This came up as a random past article. I went back to Joe Maurone's author page here and searched his other entries to read more on the same topic here (The Myth of Orpheus and the Future of Music) and here (The Rise and Fall of Melody in 5.1 Surround Sound). Everyone likes music. Maurone, Bissell, and Engle are working musicians. (Others may be as well, but I am not aware of it. Also, MSK was a working musician but said nothing much in his one entry, unfortunately).
That kind of a discussion of what music "is" takes place in a plane different from how music developed. No one says that you must be able to dance to music, though in ancient Greece the two were closely bound, though identified with different muses. Is it not music qua music when an audience sits and listens? In that discussion, it was claimed that a melody must be hummable to be music, "the old grey whistle test." (Derived from this: ".... When they got the first pressing of a record they would play it to people they called the old greys—doormen in grey suits. The songs they could remember and whistle, having heard it just once or twice, had passed the old grey whistle test." -- See Wikipedia here http://en.wikipedia.org/wiki/The_Old_Grey_Whistle_Test about a BBC program commissioned by Sir David Attenborough to feature non-chart music. It premiered Bob Marley, Billy Joel, and Lynyrd Skynyrd, among others.) Maurone offered Rachmaninoff as unhummable and asked which of the melodies in a Bach counterpoint one is expected to hum.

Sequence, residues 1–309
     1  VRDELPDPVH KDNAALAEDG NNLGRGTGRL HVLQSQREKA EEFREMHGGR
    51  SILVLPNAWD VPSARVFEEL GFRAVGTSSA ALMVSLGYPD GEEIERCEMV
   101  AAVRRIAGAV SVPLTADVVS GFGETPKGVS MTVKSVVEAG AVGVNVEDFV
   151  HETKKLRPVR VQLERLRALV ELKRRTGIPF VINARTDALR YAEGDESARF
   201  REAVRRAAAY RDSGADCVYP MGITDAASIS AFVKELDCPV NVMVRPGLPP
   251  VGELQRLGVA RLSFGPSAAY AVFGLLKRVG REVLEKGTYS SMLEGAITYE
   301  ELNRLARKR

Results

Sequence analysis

From "The Rise and Fall of Melody" was this:
"The birth of stereo brought about the death of real musical appreciation." LaVey claims that while hi-fi stereos added realism to recorded music, stereo only added aural "tricks," but less realism. He argues that music is heard binaurally, but the sound source is usually monophonic. Stereophonics refers to the source of the sound, which is really just a doubling of the sound source. Sounds can be panned around the spectrum; envelope filters increase the width and pitch of a tone; tones can now slide from one pitch to another without a break; but melodies cannot be built this way.
On a different tack entirely, but completely revealing was this:
Joe Maurone post 11: "I respect the wishes of Lindsay Perigo, who doesn't want certain forms of music promoted on his forum."